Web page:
We were sitting in a field of sweet corn in Minnesota in the late summer of 2013. A pile of 200 husked and partially eaten ears of that same corn sat at our feet. After tasting that many ears of sweet corn in one sitting, most people would swear off the traditional flavors of summer for good. But not the two of us: A couple of graduate students studying to become classical plant breeders. Along with our collaborators, we were particularly excited that day.
We had been selecting and improving this particular open-pollinated organic sweet corn since 2008. We did this using a method called participatory plant breeding. In this case, public breeders at the University of Wisconsin-Madison collaborated with organic farmers and the non-profit Organic Seed Alliance to develop sweet corn that thrived in their farming systems.
Because they do not depend on synthetic fertilizers and chemical pesticides to ensure that their crops reach the harvest stage, organic farmers must work with biological processes–such as beneficial soil micro-organisms and natural plant disease resistances–to raise healthy crops. It is our job as breeders to develop varieties that thrive in these sustainable farming systems.
Not surprisingly, most plant breeders work for private seed companies and are developing varieties for the much larger market of conventional growers. But organic farmers want their own seeds. So do others using sustainable farming practices that focus on regional food systems. They can especially use varieties that have been specifically bred to take advantage of fertility sources, such as compost and green manures, to out-compete weeds through rapid germination and plant architecture, and to naturally resist diseases and pests. These farmers have the potential to increase their yields and decrease their labor costs with improved varieties that have been adapted to their unique farming systems.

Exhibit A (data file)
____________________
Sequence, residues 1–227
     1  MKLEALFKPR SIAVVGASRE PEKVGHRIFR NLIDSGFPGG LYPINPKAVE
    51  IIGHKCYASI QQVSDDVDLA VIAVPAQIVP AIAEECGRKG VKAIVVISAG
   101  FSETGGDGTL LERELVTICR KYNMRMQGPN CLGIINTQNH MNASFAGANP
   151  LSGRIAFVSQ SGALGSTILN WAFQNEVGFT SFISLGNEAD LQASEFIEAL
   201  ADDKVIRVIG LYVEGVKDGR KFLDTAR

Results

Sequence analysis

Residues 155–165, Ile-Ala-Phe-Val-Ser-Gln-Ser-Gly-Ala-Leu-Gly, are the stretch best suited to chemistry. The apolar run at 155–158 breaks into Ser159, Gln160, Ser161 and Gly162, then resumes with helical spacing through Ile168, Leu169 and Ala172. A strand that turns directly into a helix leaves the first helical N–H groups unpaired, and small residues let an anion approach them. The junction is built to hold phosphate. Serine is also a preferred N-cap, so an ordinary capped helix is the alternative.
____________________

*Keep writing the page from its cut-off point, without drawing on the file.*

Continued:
Of course, the variety must also taste great. On this day, the corn we’d bred had the perfect combination of creamy texture, hints of sweetness, and that unmistakable corn flavor, and we were excited. Our variety also possessed a slew of qualities useful to the farmer. But, it was also delicious—even after 200 ears—and we will soon be ready to release it to seed companies
Although organic is the fastest growing sector of the food industry, organic cropland only comprises one percent of total farm acreage in the United States. Public plant breeders based at land-grant universities are in the best position to address the needs of these growers. With adequate funding from the United States Department of Agriculture (USDA), public breeders can develop improved varieties that will play a crucial role in moving our agriculture towards a more sustainable model.
And as graduate students in the Plant Breeding and Plant Genetics program at the University of Wisconsin-Madison, we are eager and encouraged to participate in this new wave of public breeding for sustainable farming systems.
This week, we’ll travel to Washington, D.C., to present our research at the 2014 Seeds & Breeds Summit for 21st Century Agriculture. The summit, hosted by the Rural Advancement Foundation International, will focus on the theme: “Meeting the Challenges of Food Security.” There we’ll talk to federal policy makers, farming advocates, and farmers about seed breeding.
As part of a cohort of graduate students from across the country, we are among the next generation of plant breeders who is looking to re-engage the public plant breeding sector, to form new collaborations across public, private, and non-profit sectors, making agricultural more sustainable along the way.
But to achieve this vision, we need public funding for seeds at the land-grant universities. A vibrant food system must look beyond the food that travels from the farmer’s field to the eater’s fork, and recognize that it all begins with resilient and diverse seeds.